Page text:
Now that we have determine the causes of pinhole leaks in your water system. How can you repair it and how plumbers can fix the problem. Here is a better overview on how to get your leaks repairs. Read more
Cooper pipes are often plagued by pinhole leaks. The cause of these leaks is hotly debated in plumbing circles; however, how to fix them is not. Though you could use some type of chemical sealant, the easiest way for do-it-yourselfers to repair a pinhole leak in a copper pipe is to use a repair clamp. Repair clamps are available in a wide variety of materials and sizes. They can be found at most every home improvement center or hardware store. In order to complete this repair, you will the repair clamp and a rag. This repair should take no more than 20 minutes to complete and will save you a call to the plumber and quite a bit of cash.
Step 1—Measure the Damaged Pipe
Repair clamps come in various sizes. To properly repair the pinhole leak you will need to know the size of the pipe. You can then buy a repair clamp that will fit the pipe perfectly. Note the measurement and take it with you to the home improvement store when you buy the clamp.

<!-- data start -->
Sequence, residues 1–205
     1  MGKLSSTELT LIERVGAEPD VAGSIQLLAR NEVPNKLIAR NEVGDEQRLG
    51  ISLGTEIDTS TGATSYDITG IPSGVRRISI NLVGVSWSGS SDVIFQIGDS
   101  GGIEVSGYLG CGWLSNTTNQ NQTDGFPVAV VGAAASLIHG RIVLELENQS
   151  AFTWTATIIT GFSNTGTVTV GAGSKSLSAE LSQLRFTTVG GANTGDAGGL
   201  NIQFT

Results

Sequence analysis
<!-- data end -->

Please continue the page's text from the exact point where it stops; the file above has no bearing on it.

Step 2—Turn Off the Water
Before you begin working, you will need to turn the water off. It is best to turn the water off to the entire house when you begin working with the pipes.
Step 3—Clean the Pipe
In order to place the repair clamp, you should clean the pipe. The pipe doesn’t need to sparkle but it should be free from dust and any type of buildup. Use a dry rag to wipe the area where you will be placing the clamp.
Step 4—Place the Repair Clamp
The repair clamp will have a flexible metal pad on the inside. The pinhole should be centered on the rubber pad. You will open the clamp and place it in the desired area. You close the clamp and use the screws to tighten it. You want to make sure that the clamp is tight, that is how the leak will be stopped. However, you must take care not to over tighten the clamp because this could actually damage the pipe. Over tightening the clamp can cause so much damage to the pipe that it breaks or a larger leak develops. Therefore, it is best to tighten the clamp and then move on to Step 5.
Step 5—Turn the Water Back On